DUNDALK — Brandi Corriggio plays an integral part in helping students at Battle Monument School receive the education they need to transition into the workplace, making her the perfect person to receive Baltimore County Commission on Disabilities Teacher of the Year Award.
Every year the commission holds their award ceremony—and this year, like many events, was held virtually. Despite not being able to gather together to celebrate Corriggio and several other award winners, the commission was able to put together a Youtube video where each award winner was praised and given the opportunity to talk.
Corriggio, who has been working at Battle Monument School since 2005, said she was surprised to hear she received the award.
“I was completely shocked when I read the email about receiving the award. I didn’t know anything about it and I was caught off guard. My mouth probably dropped when I read it,” Corriggio said in the virtual ceremony video.
Corrigio said that everyone at Battle Monument, from the the teachers to the additional adult assistants, deserve to be recognized for the work they do.
“Everyone at this school deserves this award. We are a team, we are a family. We couldn’t have our students have the successes that they have if we didn’t have everyone that is a part of our school. They come to work every day and they don’t complain and they roll their sleeves up and they get right in there and help students who are having a hard day,” Corriggio said.
Corriggio began her career at Battle Monument, a public day school for students ages 3-21 who have significant intellectual disabilities, in 2005 when Battle Monument began developing a program for students who require extensive behavioral support.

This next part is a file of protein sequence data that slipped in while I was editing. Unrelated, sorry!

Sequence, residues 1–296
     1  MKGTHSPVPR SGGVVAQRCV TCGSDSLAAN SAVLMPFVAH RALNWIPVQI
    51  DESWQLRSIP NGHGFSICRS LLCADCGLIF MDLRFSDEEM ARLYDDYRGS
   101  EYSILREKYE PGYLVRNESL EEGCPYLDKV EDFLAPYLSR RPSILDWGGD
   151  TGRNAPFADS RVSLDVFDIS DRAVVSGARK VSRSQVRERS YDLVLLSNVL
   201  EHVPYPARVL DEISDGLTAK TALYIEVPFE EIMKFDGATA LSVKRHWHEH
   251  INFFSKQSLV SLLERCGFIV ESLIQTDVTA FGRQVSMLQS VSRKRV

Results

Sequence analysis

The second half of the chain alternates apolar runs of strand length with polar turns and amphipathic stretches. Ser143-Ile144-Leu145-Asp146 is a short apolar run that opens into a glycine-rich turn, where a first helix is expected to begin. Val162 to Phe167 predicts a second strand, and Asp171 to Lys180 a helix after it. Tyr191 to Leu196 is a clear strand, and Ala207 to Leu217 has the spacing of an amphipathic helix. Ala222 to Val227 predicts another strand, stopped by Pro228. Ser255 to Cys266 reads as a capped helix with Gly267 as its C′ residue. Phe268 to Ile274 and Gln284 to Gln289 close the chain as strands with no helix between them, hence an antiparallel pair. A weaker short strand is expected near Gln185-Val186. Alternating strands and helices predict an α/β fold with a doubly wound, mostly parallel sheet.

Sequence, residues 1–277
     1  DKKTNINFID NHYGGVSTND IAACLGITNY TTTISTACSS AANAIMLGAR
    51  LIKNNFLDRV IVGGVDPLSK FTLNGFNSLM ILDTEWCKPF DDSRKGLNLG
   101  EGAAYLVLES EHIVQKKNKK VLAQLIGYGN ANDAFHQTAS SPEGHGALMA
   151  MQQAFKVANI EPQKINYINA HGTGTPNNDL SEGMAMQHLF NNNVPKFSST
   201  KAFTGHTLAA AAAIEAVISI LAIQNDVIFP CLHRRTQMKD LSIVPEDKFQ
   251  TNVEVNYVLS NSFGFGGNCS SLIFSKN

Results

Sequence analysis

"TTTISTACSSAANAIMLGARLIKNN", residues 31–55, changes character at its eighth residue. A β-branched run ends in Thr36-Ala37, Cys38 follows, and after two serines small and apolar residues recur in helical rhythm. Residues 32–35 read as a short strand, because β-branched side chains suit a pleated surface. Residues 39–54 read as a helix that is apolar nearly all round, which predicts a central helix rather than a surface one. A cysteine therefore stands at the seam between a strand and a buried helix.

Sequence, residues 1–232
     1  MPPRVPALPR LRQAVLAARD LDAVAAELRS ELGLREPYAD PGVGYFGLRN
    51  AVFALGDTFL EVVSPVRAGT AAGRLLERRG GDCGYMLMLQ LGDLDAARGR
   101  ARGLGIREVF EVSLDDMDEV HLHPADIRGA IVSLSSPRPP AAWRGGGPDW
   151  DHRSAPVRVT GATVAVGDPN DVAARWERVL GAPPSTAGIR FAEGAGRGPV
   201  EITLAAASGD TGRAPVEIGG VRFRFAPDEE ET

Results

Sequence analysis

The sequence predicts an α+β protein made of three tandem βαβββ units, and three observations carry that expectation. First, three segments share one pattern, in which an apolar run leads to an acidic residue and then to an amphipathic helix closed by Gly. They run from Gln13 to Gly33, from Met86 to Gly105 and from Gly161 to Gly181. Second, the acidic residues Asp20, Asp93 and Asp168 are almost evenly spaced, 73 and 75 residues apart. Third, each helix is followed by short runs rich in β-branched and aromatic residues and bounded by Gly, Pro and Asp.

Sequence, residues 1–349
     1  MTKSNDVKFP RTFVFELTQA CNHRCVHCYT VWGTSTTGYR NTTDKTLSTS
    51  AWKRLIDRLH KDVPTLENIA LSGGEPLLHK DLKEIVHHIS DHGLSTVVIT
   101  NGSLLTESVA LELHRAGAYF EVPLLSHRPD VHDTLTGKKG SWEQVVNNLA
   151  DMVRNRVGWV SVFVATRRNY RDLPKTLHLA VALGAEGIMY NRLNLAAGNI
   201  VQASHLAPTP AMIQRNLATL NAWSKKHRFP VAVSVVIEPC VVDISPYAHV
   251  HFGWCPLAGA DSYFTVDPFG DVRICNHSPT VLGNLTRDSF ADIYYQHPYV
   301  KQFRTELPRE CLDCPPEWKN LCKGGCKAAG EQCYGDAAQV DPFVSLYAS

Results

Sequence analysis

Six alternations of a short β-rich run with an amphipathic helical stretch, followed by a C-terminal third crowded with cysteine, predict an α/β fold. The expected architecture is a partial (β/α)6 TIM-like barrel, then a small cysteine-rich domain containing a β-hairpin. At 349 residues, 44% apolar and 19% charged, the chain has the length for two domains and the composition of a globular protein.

She first worked with middle school students and later became the Team Leader for elementary and middle school students where she helped teachers develop lesson plans. Corriggio then became the individual program chair and student testing coordinator where she helps teachers identify skills to be assessed with each student and advises what materials are needed to ensure students have their specific needs met while they are being tested.
Working with the transition coordinator, Corriggio helps identify work sites for students to transition to after their time at Battle Monument. She also works with teachers to determine what job sites would be best for students based on not only on their special needs but on their unique and valuable skills. Franklin Square Hospital, Red Brick Station, and the Exchangeree at White Marsh are a few of the businesses she has been able to partner with to create jobs students can transition to.
Corrigio said she knew she wanted to be a teacher ever since she was in high school.
“It was my senior year in high school and I found myself one day in the life skills classroom and everything just kind of clicked,” Corrigio said.
“I not only fell in love with the teacher in that classroom but the students — there was just something about it that I started to enjoy and I realized that I could make a difference in these students’ lives.”
Corrigio said she hopes people will want to come in and see Battle Monuments students and what they are achieving and contributing to the community.
“I think a lot of people would be shocked at what our students can do and they can teach them some life lessons, Corrigio said.
“I think that would be good, in the day and age with everything that is going on in the world.”